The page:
Everyone made par, with Lehman hitting his safe approach within two-putt range, Goggin flubbing the crap out of his pitch from the “creek,” and Quiros predictably hitting his flop shot long to a pin tucked right against the bunker he had to clear.

To the left of the par-3 4, the steep hillside provides for optimal viewing, and if people weren’t walking by me with some sort of “adult drink” in their hands they were laying out blankets and lounging.

Another roar erupted from the 16 , making me jealous and antsy, wishing I was there already. One of the girls with the neon-orange signs stood right next to me, which I was really surprised at because there was nobody standing around us. She had her pick of the entire rope-line for the most part. So, I took the hint and decided to ask: “So what do the signs spell?”

“Tom.”

How the hell do you spell “Tom”? There are four of you. I’m no Scrabble Champion by any stretch, but that’s messed up. Do you spell it “Tome” and make the “e” silent or something? Do I just need a few beers for it to make sense? But then I saw that the young lad had the sign with the exclamation point on it. Oh, now I see. So clever.

Although I hadn’t been able to see a close-up of Quiros’ swing yet, from where I stood on the 4th I was able to get a good look, simply because of his pre-shot routine. He stands behind the ball and takes practice swings that are perpendicular to the target line, staring down his upcoming shot. I thought that setup was a little weird, because I feel like this sort of pre-shot routine is only appropriate for putting. But, to each his own. I’m sure with his length a lot of these shots seem like putts. His swing looked somewhat abbreviated for his height and build, and you could just feel the full extension of his left arm, held perfectly straight on the backswing. No wonder he hit an iron that far on 3—he definitely knows how to torque it on the backswing.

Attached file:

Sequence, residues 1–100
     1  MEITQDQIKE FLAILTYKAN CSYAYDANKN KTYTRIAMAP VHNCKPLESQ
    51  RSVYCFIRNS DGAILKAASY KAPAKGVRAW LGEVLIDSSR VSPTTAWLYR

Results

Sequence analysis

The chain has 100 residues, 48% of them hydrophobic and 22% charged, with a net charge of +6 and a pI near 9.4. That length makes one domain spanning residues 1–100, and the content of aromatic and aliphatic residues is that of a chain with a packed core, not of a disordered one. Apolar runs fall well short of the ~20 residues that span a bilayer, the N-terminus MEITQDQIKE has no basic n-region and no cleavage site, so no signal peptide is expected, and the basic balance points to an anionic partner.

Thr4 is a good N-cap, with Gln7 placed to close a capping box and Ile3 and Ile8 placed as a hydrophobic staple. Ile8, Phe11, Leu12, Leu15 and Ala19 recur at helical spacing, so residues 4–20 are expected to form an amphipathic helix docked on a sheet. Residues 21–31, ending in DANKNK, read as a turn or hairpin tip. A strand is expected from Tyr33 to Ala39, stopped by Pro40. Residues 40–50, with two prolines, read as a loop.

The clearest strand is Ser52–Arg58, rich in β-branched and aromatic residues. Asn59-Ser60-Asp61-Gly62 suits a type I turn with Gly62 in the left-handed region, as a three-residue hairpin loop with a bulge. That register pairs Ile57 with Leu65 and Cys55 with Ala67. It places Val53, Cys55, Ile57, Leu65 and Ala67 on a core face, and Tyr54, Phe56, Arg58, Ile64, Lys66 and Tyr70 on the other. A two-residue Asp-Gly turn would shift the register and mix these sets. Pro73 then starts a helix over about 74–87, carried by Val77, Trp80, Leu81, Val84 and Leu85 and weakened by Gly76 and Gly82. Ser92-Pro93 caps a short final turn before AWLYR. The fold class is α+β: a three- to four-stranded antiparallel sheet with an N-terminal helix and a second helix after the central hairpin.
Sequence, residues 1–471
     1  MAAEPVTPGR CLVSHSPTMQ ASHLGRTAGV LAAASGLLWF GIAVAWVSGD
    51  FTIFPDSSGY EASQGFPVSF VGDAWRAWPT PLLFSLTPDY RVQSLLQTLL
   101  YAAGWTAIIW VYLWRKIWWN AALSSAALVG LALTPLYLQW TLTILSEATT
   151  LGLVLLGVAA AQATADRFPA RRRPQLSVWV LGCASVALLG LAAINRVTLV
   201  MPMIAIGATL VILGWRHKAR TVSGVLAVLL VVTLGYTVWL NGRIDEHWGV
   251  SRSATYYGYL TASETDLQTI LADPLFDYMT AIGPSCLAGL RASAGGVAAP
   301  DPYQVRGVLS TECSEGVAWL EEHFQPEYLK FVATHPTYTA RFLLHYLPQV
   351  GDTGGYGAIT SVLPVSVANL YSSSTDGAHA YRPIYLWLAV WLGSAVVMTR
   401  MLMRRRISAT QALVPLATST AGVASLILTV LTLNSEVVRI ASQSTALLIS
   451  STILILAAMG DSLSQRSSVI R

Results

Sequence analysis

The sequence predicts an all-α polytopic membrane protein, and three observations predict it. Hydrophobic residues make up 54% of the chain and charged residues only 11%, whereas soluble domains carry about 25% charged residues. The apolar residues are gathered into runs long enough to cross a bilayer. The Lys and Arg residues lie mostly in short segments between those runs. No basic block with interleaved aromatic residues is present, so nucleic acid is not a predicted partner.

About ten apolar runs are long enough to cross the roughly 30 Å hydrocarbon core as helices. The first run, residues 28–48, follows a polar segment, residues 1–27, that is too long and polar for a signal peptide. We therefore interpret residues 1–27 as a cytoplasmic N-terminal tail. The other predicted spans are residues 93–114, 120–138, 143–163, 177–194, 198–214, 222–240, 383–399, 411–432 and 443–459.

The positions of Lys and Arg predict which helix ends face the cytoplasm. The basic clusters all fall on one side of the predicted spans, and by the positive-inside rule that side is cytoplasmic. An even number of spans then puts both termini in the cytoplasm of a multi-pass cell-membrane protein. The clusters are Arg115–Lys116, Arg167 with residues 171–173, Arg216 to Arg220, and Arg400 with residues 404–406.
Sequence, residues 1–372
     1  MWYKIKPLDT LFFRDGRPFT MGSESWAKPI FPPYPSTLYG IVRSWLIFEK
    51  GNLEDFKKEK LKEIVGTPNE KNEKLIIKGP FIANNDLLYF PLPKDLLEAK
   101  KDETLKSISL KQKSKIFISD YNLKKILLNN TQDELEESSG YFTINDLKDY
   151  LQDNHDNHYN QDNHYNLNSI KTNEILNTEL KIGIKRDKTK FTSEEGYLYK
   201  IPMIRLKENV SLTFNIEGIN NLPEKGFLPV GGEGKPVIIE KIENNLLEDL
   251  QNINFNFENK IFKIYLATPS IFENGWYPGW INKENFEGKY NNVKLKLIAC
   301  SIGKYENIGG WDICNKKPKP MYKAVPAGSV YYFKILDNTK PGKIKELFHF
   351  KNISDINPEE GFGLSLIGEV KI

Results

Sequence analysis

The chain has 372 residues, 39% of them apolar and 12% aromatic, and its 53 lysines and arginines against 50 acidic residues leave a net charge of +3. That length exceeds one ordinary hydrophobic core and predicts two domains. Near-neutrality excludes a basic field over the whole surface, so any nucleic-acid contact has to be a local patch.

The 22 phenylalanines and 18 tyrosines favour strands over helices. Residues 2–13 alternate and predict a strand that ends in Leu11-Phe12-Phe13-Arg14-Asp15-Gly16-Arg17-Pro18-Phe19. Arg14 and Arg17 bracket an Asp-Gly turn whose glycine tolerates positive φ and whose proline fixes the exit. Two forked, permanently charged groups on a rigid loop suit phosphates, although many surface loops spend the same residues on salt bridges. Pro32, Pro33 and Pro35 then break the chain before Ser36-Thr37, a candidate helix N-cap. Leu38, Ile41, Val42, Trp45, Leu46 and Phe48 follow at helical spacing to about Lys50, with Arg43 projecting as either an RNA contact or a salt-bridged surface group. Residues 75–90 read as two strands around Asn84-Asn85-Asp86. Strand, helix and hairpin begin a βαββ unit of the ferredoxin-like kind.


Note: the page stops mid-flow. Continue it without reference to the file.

The whole group made pars again, with two-putts all around. Quiros had a tricky downhill 15-footer for birdie that made a banana left down at the hole, and he almost missed it coming back. Part of me wished he did miss it, because this round had been a little too exciting for me thus far. I reasoned that the perpetual roars I kept hearing from the 16th reminded me of how much fun I had yesterday, and made me feel like once you get that sort of high while watching golf, a round like this just doesn’t “do” it for you until you re-acclimate yourself.

On the 5 , Quiros hit his first fairway of the day, blowing by Lehman and Goggin by a good 30 yards. I had my pin sheet handy, and used a nearby sprinkler head to pace off the yardage for Lehman and Goggin, who ended up right next to each other. Looks like 121 front, 141 pin. Lehman hit a peach of a shot in, which I would later hear from the Shot Link guy at the green that it ended up 1’1’’ away, and was the “best shot in all day so far.” Quiros also made birdie, but then again, he probably should have, being less than 100 yards in to an easy pin, located on a flat section on the right side of the green.

All week so far, I had been hearing on television and from media people around me that this course really is a bomber’s paradise, so I felt that if Quiros could actually keep it in the fairway off of the tee, he would probably win. What a monster.

On the 6 , Lehman’s drive ended up in the right rough, leaving a difficult approach shot to a pin tucked way left over the trap. The left side of the green is quite narrow, and out of the rough Lehman would have a hell of a time trying to stop the ball before it went over the steep bank on the back of the green into a collection area. Lehman opted for the fat part of the green right of the trap, and put his ball about pin high. Quiros, again 30 yards ahead, went right at it, but ended up just off of the green in the fringe left of the hole. Well, maybe Quiros won’t win this thing. He can drive the ball really far, sure, but his wedge game wasn’t taking advantage of his yardage off of the tee.